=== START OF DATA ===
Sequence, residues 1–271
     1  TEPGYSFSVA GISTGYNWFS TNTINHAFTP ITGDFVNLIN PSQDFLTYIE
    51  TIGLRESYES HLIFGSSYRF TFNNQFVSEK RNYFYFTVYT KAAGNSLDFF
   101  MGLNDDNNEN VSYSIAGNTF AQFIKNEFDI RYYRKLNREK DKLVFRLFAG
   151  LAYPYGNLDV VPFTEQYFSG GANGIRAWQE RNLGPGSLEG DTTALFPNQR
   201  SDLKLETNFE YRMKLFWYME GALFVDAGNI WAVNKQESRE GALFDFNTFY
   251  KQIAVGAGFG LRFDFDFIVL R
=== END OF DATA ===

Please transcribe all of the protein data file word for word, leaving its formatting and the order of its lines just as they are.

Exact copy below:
Sequence, residues 1–271
     1  TEPGYSFSVA GISTGYNWFS TNTINHAFTP ITGDFVNLIN PSQDFLTYIE
    51  TIGLRESYES HLIFGSSYRF TFNNQFVSEK RNYFYFTVYT KAAGNSLDFF
   101  MGLNDDNNEN VSYSIAGNTF AQFIKNEFDI RYYRKLNREK DKLVFRLFAG
   151  LAYPYGNLDV VPFTEQYFSG GANGIRAWQE RNLGPGSLEG DTTALFPNQR
   201  SDLKLETNFE YRMKLFWYME GALFVDAGNI WAVNKQESRE GALFDFNTFY
   251  KQIAVGAGFG LRFDFDFIVL R